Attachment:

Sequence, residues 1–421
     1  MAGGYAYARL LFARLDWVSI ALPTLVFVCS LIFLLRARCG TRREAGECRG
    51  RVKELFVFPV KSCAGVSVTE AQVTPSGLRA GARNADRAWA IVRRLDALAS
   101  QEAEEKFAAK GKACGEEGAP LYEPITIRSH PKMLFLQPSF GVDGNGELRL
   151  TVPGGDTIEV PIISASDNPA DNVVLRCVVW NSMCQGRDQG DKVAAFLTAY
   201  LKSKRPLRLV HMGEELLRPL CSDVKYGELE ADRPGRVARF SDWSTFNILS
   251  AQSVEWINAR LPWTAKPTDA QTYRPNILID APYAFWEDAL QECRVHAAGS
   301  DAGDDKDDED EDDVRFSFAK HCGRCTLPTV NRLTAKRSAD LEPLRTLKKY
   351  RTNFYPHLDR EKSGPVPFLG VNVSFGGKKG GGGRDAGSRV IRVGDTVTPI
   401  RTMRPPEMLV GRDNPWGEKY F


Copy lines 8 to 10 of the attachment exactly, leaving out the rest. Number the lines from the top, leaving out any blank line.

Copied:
   301  DAGDDKDDED EDDVRFSFAK HCGRCTLPTV NRLTAKRSAD LEPLRTLKKY
   351  RTNFYPHLDR EKSGPVPFLG VNVSFGGKKG GGGRDAGSRV IRVGDTVTPI
   401  RTMRPPEMLV GRDNPWGEKY F